“In the absence of any validated online translating tool it is perhaps best to avoid relying on them”

there is a significant risk of error in using it to facilitate medical consultations. Online translating tools often use a literal approach and direct translation of words can fail to take into account the broader context and may alter meaning. Similarly the English translation of a patient’s response may not accurately reflect their intention. In the absence of any validated online


in securing a trained professional, clinicians are increasingly turning to online translating tools. Perhaps the most recognised is Google Translate, which has been gaining in popularity over recent years. Although it can be useful in social settings, Google Translate has not been validated for use in the medical setting and is not endorsed by the NHS. As a result,

translating tool it is perhaps best to avoid relying on them. Not only is there a significant risk of a potentially serious error, but there’s a good chance using such online tools will breach your hospital’s interpreter/translation policy. Instead, focus on liaising proactively with your hospital’s interpreter service to find out about their availability and any practical help they may be able to offer in more urgent cases. Your hospital may have a list of multi-lingual staff members who are able to assist in urgent situations. Finally, if you find yourself in difficulty don’t forget the immense skills and experience of your colleagues – seek guidance from other doctors, nurses and ancillary staff.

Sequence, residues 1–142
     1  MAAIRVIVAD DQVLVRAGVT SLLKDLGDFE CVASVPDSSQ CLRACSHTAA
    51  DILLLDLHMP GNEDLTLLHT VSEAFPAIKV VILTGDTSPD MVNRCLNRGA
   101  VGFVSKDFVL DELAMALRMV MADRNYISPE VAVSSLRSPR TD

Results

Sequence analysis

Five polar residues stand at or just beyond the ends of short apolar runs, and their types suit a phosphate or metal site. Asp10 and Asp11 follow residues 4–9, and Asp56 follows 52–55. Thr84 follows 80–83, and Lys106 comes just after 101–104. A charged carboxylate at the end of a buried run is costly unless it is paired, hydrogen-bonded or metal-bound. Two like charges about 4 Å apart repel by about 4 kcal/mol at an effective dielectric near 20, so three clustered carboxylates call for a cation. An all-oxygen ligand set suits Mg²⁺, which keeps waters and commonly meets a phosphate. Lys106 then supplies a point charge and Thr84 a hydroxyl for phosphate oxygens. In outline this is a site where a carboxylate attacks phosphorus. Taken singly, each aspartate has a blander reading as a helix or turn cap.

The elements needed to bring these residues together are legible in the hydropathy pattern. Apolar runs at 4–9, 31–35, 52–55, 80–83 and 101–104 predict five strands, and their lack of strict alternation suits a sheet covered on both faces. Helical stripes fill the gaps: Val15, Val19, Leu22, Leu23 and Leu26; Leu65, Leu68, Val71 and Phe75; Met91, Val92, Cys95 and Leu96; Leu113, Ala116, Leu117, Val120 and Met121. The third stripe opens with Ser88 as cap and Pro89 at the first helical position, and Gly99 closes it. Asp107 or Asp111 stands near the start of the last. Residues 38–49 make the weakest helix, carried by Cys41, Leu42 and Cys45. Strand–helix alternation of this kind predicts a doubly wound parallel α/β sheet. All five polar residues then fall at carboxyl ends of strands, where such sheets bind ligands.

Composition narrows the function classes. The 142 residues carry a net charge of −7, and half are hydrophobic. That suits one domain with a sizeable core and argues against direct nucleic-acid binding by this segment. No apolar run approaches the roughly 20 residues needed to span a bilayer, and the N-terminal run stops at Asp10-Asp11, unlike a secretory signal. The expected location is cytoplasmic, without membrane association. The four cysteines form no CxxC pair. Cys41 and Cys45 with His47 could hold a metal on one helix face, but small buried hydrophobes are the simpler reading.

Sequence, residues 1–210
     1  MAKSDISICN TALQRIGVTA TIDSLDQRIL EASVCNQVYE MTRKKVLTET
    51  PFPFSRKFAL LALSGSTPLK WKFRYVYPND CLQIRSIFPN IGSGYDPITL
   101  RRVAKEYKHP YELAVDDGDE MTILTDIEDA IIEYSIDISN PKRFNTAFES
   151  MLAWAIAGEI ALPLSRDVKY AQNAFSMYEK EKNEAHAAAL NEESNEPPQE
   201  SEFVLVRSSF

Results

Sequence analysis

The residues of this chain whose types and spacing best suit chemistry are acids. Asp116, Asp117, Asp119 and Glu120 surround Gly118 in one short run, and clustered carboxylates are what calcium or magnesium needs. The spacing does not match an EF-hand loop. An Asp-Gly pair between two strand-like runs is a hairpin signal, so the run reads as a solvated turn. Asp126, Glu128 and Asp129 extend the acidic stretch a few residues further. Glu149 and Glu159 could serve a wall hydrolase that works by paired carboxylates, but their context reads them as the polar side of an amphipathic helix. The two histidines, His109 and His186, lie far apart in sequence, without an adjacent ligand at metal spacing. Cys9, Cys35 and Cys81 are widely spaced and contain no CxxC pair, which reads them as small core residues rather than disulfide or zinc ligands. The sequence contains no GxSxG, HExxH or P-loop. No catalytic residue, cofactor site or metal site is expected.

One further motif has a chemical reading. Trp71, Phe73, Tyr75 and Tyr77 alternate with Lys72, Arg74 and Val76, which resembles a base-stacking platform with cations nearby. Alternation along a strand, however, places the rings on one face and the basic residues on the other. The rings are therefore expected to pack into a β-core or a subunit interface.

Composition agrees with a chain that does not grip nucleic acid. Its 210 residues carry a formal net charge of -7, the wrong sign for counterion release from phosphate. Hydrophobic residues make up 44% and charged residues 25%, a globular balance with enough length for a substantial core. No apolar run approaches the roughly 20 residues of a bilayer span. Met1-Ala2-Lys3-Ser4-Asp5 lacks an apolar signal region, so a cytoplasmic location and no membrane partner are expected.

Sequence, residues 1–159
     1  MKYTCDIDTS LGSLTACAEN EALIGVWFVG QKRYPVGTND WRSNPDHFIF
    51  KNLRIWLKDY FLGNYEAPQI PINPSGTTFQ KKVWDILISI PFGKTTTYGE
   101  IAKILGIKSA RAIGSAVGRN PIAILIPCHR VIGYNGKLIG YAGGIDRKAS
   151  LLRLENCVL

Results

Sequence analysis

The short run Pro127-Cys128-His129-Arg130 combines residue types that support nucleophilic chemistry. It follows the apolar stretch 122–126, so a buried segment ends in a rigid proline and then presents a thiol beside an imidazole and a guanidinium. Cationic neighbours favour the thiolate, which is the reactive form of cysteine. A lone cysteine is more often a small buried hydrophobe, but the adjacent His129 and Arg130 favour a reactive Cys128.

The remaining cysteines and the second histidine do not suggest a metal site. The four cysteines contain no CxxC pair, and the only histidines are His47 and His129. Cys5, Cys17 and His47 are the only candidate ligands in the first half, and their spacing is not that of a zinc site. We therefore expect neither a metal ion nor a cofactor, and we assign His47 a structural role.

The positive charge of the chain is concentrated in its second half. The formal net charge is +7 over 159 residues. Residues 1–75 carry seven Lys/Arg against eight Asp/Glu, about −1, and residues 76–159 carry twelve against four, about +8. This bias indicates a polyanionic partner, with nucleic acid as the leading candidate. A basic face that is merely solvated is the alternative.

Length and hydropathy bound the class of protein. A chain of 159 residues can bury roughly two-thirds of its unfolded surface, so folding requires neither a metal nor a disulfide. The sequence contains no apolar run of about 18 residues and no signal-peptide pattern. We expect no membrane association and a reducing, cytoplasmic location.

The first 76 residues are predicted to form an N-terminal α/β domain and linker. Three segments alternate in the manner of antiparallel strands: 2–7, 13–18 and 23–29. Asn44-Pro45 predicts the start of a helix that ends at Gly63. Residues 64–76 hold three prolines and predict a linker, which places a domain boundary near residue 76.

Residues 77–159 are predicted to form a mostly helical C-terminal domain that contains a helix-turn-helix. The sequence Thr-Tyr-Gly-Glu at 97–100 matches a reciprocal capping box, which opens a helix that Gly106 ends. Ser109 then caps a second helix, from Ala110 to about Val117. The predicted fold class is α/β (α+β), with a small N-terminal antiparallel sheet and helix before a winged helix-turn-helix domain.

Capacity At the beginning of any patient interaction it is essential to establish whether they have capacity to engage in their medical care and provide consent if required. If a patient lacks capacity for the specific decision required, you should establish whether they have made a valid advance decision or appointed a power of attorney for healthcare decisions. Also check whether the court has appointed an individual to make decisions on their behalf. If in doubt, seek assistance from senior colleagues, your hospital legal department or medical defence

organisation, being sure to carefully document any decision making. If there is no advance decision, power of

attorney or court-appointed decision-maker, you should act in the best interests of your patient. The relevant legislation is the Mental Capacity Act 2005 (England and Wales), the Adults with Incapacity Act 2000 (Scotland) and the Mental Capacity Act (Northern Ireland) 2016. You should be familiar with GMC guidance, Consent: patients and doctors making decisions together, and their website features a very helpful interactive online tool for when you are unsure if a patient has capacity.

Motor speech disorders A patient’s ability to communicate may be affected by a motor speech disorder. A common one is dysarthria which can be caused by factors such as stroke, head injury and facial nerve damage. In isolation, dysarthria does not affect a

patient’s ability to understand. If the level of dysarthria affects your ability to communicate with your patient, consider any means by which you could overcome the difficulties. This may include seeking assistance from the speech and language team, trying to remove background noise, deferring non-urgent decisions if the dysarthria is likely to resolve shortly, or using additional means of communication such as writing. For more specific guidance, contact the MDDUS advice line on 0333 043 4444.

Dr Naeem Nazem is a medical adviser at MDDUS and editor of FYi

Page 1  |  Page 2  |  Page 3  |  Page 4  |  Page 5  |  Page 6  |  Page 7  |  Page 8  |  Page 9  |  Page 10  |  Page 11  |  Page 12  |  Page 13  |  Page 14  |  Page 15  |  Page 16